Up until last year’s general election, Darian Fenton was General Secretary of the Service and Food Workers Union, the union that represents some of New Zealand’s most vulnerable workers: hospitality workers, cleaners and clerical staff. Being number 43 on Labour’s party list, she secured herself a list seat in Parliament, and is a member of the Transport and Industrial Relations select committee. Fenton, along with all of Labour’s caucus, voted against Wayne Mapp’s bill, claiming that “it could become a wedge for future reductions in [workers’] rights…I personally am appalled by the ignorance of the bill and the lack of understanding of what life is like for many workers and how vulnerable they are in those first 90 days of employment,” but Fenton concurs with Lafferty that the situation is not nearly as bad as it is in Australia. “Have a look at their legislation and the consequences where workers are being sacked all over the place. Also, note that Australian union density is around the same as New Zealand’s despite having had years during the 1990s and until now when they had the security of legislation, national awards and arbitration.” Union membership density is the main flaw that Fenton sites for state of the unions. Only 12.5% of workers in the private sector are union members where “wages are still low,” and “there are thousands of workers not represented and a whole heap more work to be done.”
President of the Council of Trade Unions Ross Wilson believes that the crux of the issue is the bottom up, democratic nature of unions. “A union is only as effective as its membership allows it to be. In industries where there is very low union membership, such as tourism, there are poor wages, conditions and low security of hours. In areas where workers organise collectively in unions, such as in transport or nursing, they have a much stronger position to improve their conditions at work.”
Lafferty, Fenton, and Wilson are all pretty big supporters of union movement, and their views represent the thoughts of the left nicely. It was time to talk to those that represented the supposed flipside to their views. National MP Paula Bennett was a human resources manager prior to entering Parliament, and is quite cynical about trade unions. She is a big supporter of Mapp’s Bill, claiming bluntly that “in reality the unions can scaremonger all they like, but many of us have had times when we really wanted a job and really wanted someone to ‘give us a go’ and I think New Zealanders know that this bill will work for them.”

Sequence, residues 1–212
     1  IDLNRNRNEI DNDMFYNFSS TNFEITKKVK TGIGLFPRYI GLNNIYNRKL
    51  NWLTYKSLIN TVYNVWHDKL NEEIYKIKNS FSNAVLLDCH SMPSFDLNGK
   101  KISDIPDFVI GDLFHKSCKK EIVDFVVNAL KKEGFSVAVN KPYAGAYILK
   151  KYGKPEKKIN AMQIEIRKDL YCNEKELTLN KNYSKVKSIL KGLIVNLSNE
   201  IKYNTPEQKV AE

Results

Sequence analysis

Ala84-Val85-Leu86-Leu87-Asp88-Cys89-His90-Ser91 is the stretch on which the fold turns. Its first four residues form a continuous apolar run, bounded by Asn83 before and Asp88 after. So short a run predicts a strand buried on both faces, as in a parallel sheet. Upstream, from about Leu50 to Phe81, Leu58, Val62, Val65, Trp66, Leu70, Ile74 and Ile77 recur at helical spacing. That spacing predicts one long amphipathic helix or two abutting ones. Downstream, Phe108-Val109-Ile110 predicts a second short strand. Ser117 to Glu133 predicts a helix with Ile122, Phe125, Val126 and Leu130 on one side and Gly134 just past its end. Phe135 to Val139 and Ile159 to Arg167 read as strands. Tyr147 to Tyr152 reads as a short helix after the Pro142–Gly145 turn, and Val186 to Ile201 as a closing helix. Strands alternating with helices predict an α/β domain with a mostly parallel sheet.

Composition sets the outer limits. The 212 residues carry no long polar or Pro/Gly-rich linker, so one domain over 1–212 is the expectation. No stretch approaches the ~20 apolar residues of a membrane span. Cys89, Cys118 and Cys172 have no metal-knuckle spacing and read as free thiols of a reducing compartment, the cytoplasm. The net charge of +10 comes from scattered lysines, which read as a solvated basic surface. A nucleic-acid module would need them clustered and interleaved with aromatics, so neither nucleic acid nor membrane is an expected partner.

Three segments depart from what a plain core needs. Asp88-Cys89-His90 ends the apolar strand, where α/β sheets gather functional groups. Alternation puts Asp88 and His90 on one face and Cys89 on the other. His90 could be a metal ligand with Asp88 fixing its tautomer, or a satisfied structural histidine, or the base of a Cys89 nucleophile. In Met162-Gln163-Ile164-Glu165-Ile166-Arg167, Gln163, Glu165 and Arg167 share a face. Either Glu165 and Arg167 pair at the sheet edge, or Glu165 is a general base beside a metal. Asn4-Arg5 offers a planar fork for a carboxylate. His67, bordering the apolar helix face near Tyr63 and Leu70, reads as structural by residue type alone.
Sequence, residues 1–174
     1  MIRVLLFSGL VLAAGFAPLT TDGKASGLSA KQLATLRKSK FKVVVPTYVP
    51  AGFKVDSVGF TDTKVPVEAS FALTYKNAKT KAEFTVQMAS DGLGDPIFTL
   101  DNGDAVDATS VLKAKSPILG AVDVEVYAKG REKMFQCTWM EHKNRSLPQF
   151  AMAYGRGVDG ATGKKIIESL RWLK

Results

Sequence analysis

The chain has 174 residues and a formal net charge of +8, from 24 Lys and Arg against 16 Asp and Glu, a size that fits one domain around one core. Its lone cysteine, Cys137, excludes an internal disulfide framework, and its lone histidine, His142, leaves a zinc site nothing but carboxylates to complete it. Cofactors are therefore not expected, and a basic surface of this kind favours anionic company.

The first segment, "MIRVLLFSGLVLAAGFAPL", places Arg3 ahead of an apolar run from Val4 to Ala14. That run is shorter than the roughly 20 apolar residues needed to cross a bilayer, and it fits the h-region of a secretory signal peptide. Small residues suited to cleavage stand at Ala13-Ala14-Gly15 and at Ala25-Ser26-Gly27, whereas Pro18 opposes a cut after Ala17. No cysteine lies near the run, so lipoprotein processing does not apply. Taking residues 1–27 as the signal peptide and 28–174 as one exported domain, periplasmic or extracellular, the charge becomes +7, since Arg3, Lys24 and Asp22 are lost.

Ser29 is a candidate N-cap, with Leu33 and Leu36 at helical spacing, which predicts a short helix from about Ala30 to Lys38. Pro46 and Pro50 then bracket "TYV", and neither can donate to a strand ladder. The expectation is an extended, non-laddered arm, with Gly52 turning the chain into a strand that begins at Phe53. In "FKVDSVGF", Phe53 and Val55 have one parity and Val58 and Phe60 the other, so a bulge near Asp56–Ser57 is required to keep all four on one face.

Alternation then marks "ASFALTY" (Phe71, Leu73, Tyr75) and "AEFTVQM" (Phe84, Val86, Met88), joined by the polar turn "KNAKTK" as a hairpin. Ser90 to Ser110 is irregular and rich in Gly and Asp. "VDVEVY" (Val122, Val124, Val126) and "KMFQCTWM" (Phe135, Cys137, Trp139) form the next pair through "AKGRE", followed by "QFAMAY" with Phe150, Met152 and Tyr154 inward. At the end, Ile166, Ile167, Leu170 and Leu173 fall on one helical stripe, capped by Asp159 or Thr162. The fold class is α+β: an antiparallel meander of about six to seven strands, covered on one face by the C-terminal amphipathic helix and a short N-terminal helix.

“Unions are reacting to Wayne Mapp’s bill ideologically, rather than looking at reality.” Paul Winter
The employer associations are taking a similar stance. “Unions are reacting to Wayne Mapp’s bill ideologically, rather than looking at reality,” according to Paul Winter, CEO of the Central Employers and Manufacturers Association. “However most New Zealanders are not interested in the ideological debate.” Winter claims that the government’s focus on economic transformation has moved the industrial relations environment in New Zealand from a win-lose to a win-win game.
Winters stated that there were some very big similarities between unions and his organization: they both provide advice to their members, and lobby on thei behalf. Industrial relations, though, are not about who has power; it’s about rules that dictate how groups are able to operate, and at the moment, those rules favour unions. His biggest gripe, however, seems to be that even after the reforms of the ECA, unions still enjoy a certain level of compulsion in their membership. “If you and a few mates were working and wanted to negotiate collectively with your employer, you would have to either form a union, which means you need 15 members and become an incorporated society, or you have to join an existing union. Why should you have to do that Why can’t you negotiate for yourself?” These are sentiments that are echoed by CEO of Business New Zealand, Phil O’Rielly. “Unions are certainly influential and I’m okay with that,” says O’Rielly. “Their strength is based on their capacity to debate the issues. The [Council of Trade Unions] does this well, and acts in an honest and open way. They represent their members well.” O’Rielly believes there is still a place for large scale collective bargaining, “so long as it’s in everyone’s best interest. It could be possible for [collective bargaining] in big, single industry to be advantageous, maybe even MECAs [multiemployer collective agreements]. The problem comes when unions force employers to collectively bargain.” Perhaps the unions are getting such a good deal under the Labour government that they are scared to cause any sort of a ripple? There has been much said recently about who holds influence in the Labour Party; is it the gays? Feminists? Or is it the traditional power base of organized-labour? Are unions really that powerful within the current party of government?
O’Rielly states diplomatically that, “Ruth Dyson [Minister of Labour] doesn’t wake up in the morning and think about the Council of Trade Unions, just like she doesn’t think about Business New Zealand.” He continues that governments are political by their very nature, and while there are a number of trade union officials in the Labour caucus, “it would be pretty glib to suggest that the government dances solely to the tune of the unions.” Winter is slightly more candid about the situation, claiming that Labour have changed the rules to favour unions.